Parrotfish are tropical marine fishes with large scales and thick, heavy bodies. They are found in different colors which are subject to transformation depending on their status, sex, or maturity. There are different types of parrotfish; nonetheless, the most common species bred are blood red parrot cichlid or blood parrots.
The blood parrot cichlids refer to a hybrid aquarium fish species. They fall under the family of the Cichlidae. It should be noted that these species are different from saltwater Parrotfish (Callyodon fasciatus), freshwater parrot cichlids (Hoplarchus Psittacus), or other unrelated species of the family Scaridae.
The common name includes bloody parrot cichlid, blood parrot cichlid, and blood-red parrot cichlid.
The original blood parrot cichlid can be traced back to around 1986 in Taiwan. It is claimed that it is a hybrid that is produced by crossbreeding two different cichlids (the Midas and redhead). Since its first creation in 1986 and after it was on the market for some time, history shows that the blood parrot cichlid was not widely seen in pet shops until the year 2000.
Calico blood parrots are seen as blood parrots that are likely produced from the crossing of a gold or green severum (Cichlasoma severum or Heros Severus) with the red devil (Cichlasoma erythraeum). There is also the possibility that blood parrots are produced from Amphilophus labiatus or even Archocentrus species.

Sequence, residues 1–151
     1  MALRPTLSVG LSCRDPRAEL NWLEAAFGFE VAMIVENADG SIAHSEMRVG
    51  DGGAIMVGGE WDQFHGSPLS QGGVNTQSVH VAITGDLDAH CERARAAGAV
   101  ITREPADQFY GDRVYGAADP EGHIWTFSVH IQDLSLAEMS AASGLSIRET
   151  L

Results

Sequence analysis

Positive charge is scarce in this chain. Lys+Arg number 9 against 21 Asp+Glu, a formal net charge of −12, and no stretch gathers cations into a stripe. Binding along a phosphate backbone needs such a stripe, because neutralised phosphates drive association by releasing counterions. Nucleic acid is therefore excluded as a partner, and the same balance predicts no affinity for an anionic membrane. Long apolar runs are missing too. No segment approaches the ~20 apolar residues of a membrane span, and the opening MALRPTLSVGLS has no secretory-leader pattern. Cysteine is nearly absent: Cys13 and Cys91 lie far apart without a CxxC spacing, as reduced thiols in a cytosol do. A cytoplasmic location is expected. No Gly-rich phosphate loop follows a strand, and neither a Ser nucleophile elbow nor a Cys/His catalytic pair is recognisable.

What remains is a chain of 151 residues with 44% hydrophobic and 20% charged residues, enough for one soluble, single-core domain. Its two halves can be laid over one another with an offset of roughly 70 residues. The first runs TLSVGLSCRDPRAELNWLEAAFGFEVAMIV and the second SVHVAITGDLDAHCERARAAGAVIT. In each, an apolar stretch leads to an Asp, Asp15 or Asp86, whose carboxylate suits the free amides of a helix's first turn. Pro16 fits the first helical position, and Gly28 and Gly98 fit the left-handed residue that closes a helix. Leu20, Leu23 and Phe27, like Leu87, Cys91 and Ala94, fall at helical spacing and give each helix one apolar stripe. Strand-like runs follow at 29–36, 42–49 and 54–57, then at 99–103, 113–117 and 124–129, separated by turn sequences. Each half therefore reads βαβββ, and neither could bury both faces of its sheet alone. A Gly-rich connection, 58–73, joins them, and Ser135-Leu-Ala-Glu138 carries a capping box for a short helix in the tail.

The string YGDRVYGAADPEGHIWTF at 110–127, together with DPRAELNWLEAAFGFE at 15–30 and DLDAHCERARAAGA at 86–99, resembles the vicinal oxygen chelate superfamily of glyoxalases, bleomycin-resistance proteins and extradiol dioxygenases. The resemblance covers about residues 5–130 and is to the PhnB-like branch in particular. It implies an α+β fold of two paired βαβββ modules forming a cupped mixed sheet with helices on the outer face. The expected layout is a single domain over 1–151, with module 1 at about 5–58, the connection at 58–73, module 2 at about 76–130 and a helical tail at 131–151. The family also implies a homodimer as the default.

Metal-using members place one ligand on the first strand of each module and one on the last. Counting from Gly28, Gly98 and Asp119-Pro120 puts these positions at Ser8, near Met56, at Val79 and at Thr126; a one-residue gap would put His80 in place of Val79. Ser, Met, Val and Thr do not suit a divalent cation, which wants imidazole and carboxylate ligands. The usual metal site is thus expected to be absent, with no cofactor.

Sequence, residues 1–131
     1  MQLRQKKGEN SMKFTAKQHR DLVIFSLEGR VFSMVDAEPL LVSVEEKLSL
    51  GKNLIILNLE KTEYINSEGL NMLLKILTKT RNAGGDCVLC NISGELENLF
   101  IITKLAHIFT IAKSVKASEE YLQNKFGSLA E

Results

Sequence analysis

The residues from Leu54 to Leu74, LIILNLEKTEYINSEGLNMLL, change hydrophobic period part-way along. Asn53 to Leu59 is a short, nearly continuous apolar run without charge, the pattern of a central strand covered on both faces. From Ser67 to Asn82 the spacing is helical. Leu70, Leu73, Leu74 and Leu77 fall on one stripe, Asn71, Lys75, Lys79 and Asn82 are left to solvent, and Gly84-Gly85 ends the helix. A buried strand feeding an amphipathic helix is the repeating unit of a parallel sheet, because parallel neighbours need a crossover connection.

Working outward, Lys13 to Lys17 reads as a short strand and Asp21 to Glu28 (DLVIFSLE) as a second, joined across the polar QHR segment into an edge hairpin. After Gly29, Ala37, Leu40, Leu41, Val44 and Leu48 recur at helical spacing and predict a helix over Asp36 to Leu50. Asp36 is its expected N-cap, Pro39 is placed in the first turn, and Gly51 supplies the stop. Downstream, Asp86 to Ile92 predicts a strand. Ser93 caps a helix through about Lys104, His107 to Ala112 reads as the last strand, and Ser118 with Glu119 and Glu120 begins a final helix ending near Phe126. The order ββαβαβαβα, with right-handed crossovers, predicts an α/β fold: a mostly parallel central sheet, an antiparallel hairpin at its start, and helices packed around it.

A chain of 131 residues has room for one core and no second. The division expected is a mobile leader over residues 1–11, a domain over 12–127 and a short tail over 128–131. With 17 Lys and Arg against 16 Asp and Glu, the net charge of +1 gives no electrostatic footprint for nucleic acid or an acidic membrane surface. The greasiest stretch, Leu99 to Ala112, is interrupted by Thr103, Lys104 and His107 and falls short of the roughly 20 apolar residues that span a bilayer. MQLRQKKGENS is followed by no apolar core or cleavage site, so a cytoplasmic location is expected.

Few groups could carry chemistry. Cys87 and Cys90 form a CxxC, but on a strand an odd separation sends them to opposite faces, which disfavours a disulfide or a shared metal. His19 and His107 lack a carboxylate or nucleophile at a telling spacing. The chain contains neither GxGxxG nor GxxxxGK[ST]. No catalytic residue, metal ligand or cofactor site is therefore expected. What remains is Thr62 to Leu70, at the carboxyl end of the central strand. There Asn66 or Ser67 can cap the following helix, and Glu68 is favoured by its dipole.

For blood parrot cichlids, the water must be hardy (like river water). The water pH between 6.5-7.4 should be maintained with the water temperature between 24 and 26° Celsius.
For females, the blood parrot cichlids usually grow up to 6-7 inches while males are around 7-8 inches. The males can at times grow up to 10 inches.
The blood parrot cichlids can live up to 10 – 15 years in captivity.
Blood parrot cichlids are a peaceful species that can coexist with suitable tank mates. However, they do become stressed and may act out when any of the tank mates seems aggressive. They are also shy; and can sometimes be hiding amongst the decorations and plants.
Types of Parrot Fish Species
When it comes to the types of parrotfish species, there are more than 80 recognized species. These species are different with respect to their colors, sizes, and shapes. However, what they have in common are their protruding fused teeth. The following are some of the most popular ones:
- Humphead Parrotfish (Bolbometopon muricatum)
- Blue Parrotfish (Scarus coeruleus)
- Rainbow Parrotfish (Scarus guacamaia)
- Stoplight Parrotfish (Sparisoma viride)
- Princess Parrotfish (Scarus taeniopterus)
What Do Parrot Fish Eat?
As far as the diet of parrotfish is concerned, they take a variety of foods such as frozen, live, flake, and freeze-dried foods.
One of the products that can be recommended for parrot cichlids is Tetra Cichlid XL Sticks Fish Food 320g (1L). It contains a high level of vegetable matter, fish protein, minerals, and vitamins. The product helps prevent disease and nutrient-related deficiency and even promotes growth & well-being and enhances coloring.
Parrot Fish Tank Setup
The following must be strictly observed when setting up a tank for parrotfish:
When considering a single parrotfish, the recommended minimum tank is 30 gallons. For each additional fish, you will need 10 additional gallons.
The water temperature is expected to range from 24 to 26° C.
You can keep a heater in your aquarium, but ensure that the temperature is about 24 to 29 °C.
Filtration & Lighting
Filtration is very important, you may want to get a quality canister filter. For lighting, keep things toned down, use red spectrum lighting or soft standard lighting.
Can Parrotfish Live With Other Fish?
Parrotfish can live with other fish provided they are not aggressive. They thrive well with a variety of peaceful fish such as tetras and angelfishes.